Rating: 3 1/2 stars
Questionable practice. High dollar return. Outrage from an effected ethnic group. The potential outcomes from a seemingly innocent “skeleton picnic” can range from riches to uproar. But for one prominent family swept up in this lucrative and ethically questionable pastime, it results in their disappearance.
Author Michael Norman releases his sophomore installment of the J.D. Books Mystery Series titled, Skeleton Picnic. Bureau of Land Management Law Enforcement Ranger Books—already introduced in Norman’s previous novel, On Deadly Ground—finds himself in the middle of a missing person’s case along the Arizona Strip.
As he searches for a couple, well-known in the underground practice of unearthing Native American grave sites which they call “skeleton picnics”, Books realizes there are as many avid supporters of the custom as there are angry protestors. His list of possible suspects grows by the day as he wonders what their chances are of still being found alive. As he ponders multiple possibilities, the clock continues to tick as Books gets closer to the dangerous truth.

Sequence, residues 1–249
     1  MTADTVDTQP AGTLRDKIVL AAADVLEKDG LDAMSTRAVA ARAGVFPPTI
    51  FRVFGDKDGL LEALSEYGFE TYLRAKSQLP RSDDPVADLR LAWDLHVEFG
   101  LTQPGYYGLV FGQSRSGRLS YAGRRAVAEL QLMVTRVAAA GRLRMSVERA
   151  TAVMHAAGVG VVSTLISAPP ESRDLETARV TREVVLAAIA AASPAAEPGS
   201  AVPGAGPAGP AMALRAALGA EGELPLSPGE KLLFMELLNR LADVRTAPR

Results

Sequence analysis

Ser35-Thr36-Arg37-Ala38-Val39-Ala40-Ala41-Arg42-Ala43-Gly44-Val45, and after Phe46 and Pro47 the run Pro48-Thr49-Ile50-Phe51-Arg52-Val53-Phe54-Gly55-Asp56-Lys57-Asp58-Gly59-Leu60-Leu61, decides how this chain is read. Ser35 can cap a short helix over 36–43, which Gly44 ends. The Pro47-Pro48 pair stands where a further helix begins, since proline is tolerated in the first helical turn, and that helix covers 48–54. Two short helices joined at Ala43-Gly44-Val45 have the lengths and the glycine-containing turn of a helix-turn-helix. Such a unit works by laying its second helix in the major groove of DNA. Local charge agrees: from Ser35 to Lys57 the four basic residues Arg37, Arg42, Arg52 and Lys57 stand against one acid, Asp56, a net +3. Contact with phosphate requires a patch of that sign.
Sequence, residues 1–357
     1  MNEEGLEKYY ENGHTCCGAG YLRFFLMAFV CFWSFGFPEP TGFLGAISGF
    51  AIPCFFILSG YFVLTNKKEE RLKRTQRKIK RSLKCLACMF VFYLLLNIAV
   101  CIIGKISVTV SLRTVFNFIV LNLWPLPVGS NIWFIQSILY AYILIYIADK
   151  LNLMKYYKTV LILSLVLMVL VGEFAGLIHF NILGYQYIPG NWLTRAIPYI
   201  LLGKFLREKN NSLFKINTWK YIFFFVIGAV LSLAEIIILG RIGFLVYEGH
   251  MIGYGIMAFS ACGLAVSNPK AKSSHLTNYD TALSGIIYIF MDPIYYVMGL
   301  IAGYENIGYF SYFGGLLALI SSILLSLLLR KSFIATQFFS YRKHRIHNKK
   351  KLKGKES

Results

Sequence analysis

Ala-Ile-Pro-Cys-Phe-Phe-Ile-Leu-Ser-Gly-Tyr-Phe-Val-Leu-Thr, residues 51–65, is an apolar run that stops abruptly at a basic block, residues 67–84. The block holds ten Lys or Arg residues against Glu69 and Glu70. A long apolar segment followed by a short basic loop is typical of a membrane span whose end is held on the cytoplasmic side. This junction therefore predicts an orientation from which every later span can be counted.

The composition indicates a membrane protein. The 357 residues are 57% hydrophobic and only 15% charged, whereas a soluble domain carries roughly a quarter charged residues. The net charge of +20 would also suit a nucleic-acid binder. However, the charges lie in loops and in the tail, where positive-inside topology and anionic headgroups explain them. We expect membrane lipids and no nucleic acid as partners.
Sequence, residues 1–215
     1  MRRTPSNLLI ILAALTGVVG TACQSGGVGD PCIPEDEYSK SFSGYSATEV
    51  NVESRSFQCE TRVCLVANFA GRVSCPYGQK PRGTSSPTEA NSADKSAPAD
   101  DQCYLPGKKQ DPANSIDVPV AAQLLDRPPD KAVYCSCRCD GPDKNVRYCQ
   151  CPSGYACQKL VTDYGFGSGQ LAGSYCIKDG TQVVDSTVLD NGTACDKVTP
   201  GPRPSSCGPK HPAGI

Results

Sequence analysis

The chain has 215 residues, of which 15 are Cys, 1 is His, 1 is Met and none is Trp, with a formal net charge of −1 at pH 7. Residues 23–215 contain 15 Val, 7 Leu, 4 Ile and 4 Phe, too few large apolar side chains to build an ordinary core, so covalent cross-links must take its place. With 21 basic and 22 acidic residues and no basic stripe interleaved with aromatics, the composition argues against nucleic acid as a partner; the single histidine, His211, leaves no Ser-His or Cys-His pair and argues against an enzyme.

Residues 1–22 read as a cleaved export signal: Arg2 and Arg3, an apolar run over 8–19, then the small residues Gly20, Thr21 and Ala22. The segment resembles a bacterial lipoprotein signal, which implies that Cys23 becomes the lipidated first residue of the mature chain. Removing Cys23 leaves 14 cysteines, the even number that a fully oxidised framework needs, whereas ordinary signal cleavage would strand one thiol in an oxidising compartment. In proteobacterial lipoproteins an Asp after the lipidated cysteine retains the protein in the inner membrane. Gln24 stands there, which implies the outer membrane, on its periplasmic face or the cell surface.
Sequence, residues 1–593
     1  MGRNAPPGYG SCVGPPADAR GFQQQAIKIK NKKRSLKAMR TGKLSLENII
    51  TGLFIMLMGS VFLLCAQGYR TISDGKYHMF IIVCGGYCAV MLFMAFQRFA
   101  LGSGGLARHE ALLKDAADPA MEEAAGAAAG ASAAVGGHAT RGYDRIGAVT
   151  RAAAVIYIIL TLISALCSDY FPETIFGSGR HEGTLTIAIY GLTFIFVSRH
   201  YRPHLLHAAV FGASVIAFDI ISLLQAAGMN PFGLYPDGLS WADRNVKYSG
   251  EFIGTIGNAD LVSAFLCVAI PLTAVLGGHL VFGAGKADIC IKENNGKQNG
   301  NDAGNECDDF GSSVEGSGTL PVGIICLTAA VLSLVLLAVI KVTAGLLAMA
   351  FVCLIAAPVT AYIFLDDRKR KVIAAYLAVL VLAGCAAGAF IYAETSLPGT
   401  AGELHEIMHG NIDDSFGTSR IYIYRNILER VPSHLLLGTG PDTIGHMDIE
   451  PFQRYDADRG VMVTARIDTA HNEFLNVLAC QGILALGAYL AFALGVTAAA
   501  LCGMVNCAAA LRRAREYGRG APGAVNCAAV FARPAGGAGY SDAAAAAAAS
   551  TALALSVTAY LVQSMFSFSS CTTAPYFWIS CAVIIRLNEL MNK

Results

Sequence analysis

Simply put, Skeleton Picnic is a fun summer read. It was suspenseful without being overly stress-filled and it coaxed me along from one page to the next. The characters are memorable, well-developed, and easy to root for. It’s obvious that the author is well-acquainted with the areas he uses for his settings; the vivid details put the reader right in the middle of the places being described with ease.
For the most part, I found the book to be well edited but I did find two glaring errors, though they didn’t make much difference to the story, they did stand out.
Skeleton Picnic is a great pick for those who enjoy suspense novels, Native American fiction, and mysteries. Author Norman writes with a style that flows along, easily bringing his readers along for a fascinating ride. My favorite summer read yet!
Paperback: 250 pages
Publisher: Poisoned Pen Press (April 3, 2012)